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A view of the destroyed buildings and rubble after the Israeli military withdrew from the Shujaiya neighbourhood, east of Gaza City on July 10, 2024. Image Credit: AFP

GAZA CITY: Fighting and bombardment shook Gaza’s biggest city on Thursday, an AFP correspondent said, even after Israel’s military declared an end to its operation in an eastern district that saw Gaza City’s heaviest combat in months.

The upsurge in fighting, bombardment and displacement followed Israeli Prime Minister Benjamin Netanyahu’s statement in late June that “the war in its intense phase is about to end”.

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It also came as talks were held in Qatar towards a truce and hostage release deal after more than nine months of war.

Gaza’s Hamas rulers said troops had pulled back from Gaza City’s eastern district of Shujaiya, leaving “more than 300 residential units and more than 100 businesses destroyed”,

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Witnesses said tanks and troops had moved into other Gaza City districts. An AFP correspondent reported air strikes on the Sabra neighbourhood while militants engaged in heavy clashes with Israeli forces in Tel al-Hawa.

Explosions and orange flashes shook the darkened city before daylight brought automatic weapons fire, AFPTV images showed.

Hamas reported 45 air strikes in the Gaza City area, as well as in Gaza’s southernmost city of Rafah, where Netanyahu had said the intense phase of the war was nearing its conclusion.

‘Red lines’

Netanyahu’s office confirmed that its negotiating team, led by Mossad intelligence chief David Barnea, had returned to Israel following talks with mediators in Doha on Thursday.

A new delegation will head to Cairo on Thursday evening “to continue the talks”, his office said.

During the talks, “the chapters of the deal for the return of the hostages and the ways to implement the outline were discussed,” it said.

Separately, Hamas said it had not been informed “of any new developments” from the latest talks and accused Israel of “delaying tactics” aimed at “sabotaging” truce efforts.

On Wednesday, the Washington Post had reported that both Israel and Hamas had “signalled their acceptance of an ‘interim governance’ plan” in which neither would rule the territory and a US-trained force of Palestinian Authority supporters would provide security.

Netanyahu separately met US President Joe Biden’s special envoy for the Middle East, Brett McGurk.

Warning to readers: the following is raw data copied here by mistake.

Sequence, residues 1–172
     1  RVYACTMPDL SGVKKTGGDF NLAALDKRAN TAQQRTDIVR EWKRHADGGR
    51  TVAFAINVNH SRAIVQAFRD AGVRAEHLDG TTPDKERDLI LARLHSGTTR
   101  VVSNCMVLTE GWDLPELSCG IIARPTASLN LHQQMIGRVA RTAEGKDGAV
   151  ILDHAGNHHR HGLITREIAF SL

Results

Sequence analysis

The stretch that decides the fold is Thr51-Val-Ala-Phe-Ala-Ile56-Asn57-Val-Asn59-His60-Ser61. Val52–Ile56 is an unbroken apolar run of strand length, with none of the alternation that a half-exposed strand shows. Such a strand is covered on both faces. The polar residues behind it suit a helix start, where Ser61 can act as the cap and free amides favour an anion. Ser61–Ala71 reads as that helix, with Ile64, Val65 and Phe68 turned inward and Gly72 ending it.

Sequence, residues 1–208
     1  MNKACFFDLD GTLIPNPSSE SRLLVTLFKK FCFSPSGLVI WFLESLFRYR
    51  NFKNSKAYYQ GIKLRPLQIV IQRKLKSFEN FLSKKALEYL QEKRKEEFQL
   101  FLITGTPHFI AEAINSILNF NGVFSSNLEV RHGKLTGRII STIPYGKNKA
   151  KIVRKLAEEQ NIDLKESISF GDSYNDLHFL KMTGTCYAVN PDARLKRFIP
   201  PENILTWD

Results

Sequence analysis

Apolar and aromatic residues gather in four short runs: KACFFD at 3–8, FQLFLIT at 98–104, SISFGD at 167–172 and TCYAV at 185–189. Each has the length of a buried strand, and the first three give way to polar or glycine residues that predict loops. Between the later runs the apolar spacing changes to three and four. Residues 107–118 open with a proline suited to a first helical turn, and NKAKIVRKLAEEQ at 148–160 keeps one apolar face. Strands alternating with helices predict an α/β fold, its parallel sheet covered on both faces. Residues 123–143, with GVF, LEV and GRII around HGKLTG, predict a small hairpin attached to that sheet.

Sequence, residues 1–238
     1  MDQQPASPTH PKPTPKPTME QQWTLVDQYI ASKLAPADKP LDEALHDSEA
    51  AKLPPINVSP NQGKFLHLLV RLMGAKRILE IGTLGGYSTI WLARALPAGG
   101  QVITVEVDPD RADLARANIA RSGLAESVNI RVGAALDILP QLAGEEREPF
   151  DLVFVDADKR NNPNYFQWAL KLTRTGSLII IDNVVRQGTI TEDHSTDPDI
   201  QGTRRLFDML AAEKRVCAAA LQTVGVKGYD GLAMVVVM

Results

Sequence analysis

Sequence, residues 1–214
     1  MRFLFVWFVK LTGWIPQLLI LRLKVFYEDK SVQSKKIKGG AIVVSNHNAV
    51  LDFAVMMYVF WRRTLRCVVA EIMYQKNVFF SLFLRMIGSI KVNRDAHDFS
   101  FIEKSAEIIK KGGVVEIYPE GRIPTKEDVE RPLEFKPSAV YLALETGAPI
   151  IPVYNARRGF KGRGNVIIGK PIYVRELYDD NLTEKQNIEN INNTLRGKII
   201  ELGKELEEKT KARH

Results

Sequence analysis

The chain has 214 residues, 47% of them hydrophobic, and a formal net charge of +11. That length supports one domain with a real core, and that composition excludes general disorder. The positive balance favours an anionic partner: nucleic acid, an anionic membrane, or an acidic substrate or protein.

The Israeli prime minister “emphasised his commitment” to a proposed truce plan, “as long as Israel’s red lines are preserved”, his office said.

Hamas’s October 7 attack on southern Israel that sparked the war resulted in the deaths of 1,195 people, mostly civilians, according to an AFP tally based on Israeli figures.

The militants also seized hostages, 116 of whom remain in Gaza, including 42 the military says are dead.

Israel responded with a military offensive that has killed at least 38,345 people in Gaza, also mostly civilians, according to figures from Gaza’s health ministry.

The latest toll included 50 new deaths over the previous 24 hours, it said.

‘Dangerous combat zone’

On Wednesday, the Israeli army dropped leaflets warning “everyone in Gaza City” that it would “remain a dangerous combat zone”.

The leaflets urged residents to flee, and set out designated escape routes from the area where the UN humanitarian office said up to 350,000 people had been shletering.

The United Nations said the latest evacuations “will only fuel mass suffering for Palestinian families, many of whom have been displaced many times”, and who face “critical levels of need”.

An Israeli government spokesman said the aim was “to put civilians out of harm’s way” as troops battle militants.

Hamas official Hossam Badran told AFP that Israel was “hoping that the resistance will relinquish its legitimate demands” in truce negotiations.

But “the continuation of massacres compels us to adhere to our demands”, he said.

The Israeli military had said in January that it had dismantled Hamas’s “military framework” in northern Gaza, including Gaza City.

Netanyahu has vowed to destroy Hamas, a goal whose viability has been questioned by critics both in Israel and abroad.

Israel’s military said on Wednesday it had completed its mission in Shujaiya after two weeks.

AFPTV images showed Palestinians gathered around a burned out armoured vehicle beneath a fire-blackened building.

Standing nearby, Mohammed Nairi said he and other residents returned to “immense destruction that defies description. All the houses were demolished.”

Another displaced resident, a can of food tucked under her arm, said the district “lies in ruins.”

Gaza’s civil defence agency said around 60 bodies had been found in the ruins of Shujaiya.

“Once the Israeli occupation forces withdrew from the Shujaiya neighbourhood, civil defence crews, with local residents, managed to recover about 60 martyrs up to now,” agency spokesman Mahmud Bassal said.

Israel’s military said operations were also continuing in the Rafah area of southern Gaza where “dozens” of militants were killed over the past day.

The military said it responded with air and ground strikes after five rockets were fired from the area towards Israel on Thursday.

Meanwhile, in Israel, demonstrations demanding a deal to free the hostages have intensified. Relatives of Israeli hostages are on a four-day march from Tel Aviv to Jerusalem.

“We want all of Israel to come out with us” and “remind Netanyahu that... he needs to sign a deal to bring them back and stop this terrible war,” said Ayala Metzger, daughter-in-law of hostage Yoram Metzger, 80, who died in captivity.